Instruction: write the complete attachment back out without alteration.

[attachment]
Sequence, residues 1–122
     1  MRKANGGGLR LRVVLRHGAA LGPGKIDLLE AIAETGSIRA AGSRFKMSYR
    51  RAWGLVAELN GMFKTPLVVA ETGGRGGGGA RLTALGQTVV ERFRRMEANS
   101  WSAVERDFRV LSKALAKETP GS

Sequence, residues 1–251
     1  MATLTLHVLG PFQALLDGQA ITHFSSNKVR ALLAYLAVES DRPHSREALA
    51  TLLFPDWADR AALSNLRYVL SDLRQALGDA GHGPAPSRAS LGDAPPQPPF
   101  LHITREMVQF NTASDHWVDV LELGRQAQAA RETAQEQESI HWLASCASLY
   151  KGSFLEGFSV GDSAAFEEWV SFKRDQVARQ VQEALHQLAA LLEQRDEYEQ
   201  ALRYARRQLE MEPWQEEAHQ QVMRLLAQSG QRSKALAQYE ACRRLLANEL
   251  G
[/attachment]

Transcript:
Sequence, residues 1–122
     1  MRKANGGGLR LRVVLRHGAA LGPGKIDLLE AIAETGSIRA AGSRFKMSYR
    51  RAWGLVAELN GMFKTPLVVA ETGGRGGGGA RLTALGQTVV ERFRRMEANS
   101  WSAVERDFRV LSKALAKETP GS

Sequence, residues 1–251
     1  MATLTLHVLG PFQALLDGQA ITHFSSNKVR ALLAYLAVES DRPHSREALA
    51  TLLFPDWADR AALSNLRYVL SDLRQALGDA GHGPAPSRAS LGDAPPQPPF
   101  LHITREMVQF NTASDHWVDV LELGRQAQAA RETAQEQESI HWLASCASLY
   151  KGSFLEGFSV GDSAAFEEWV SFKRDQVARQ VQEALHQLAA LLEQRDEYEQ
   201  ALRYARRQLE MEPWQEEAHQ QVMRLLAQSG QRSKALAQYE ACRRLLANEL
   251  G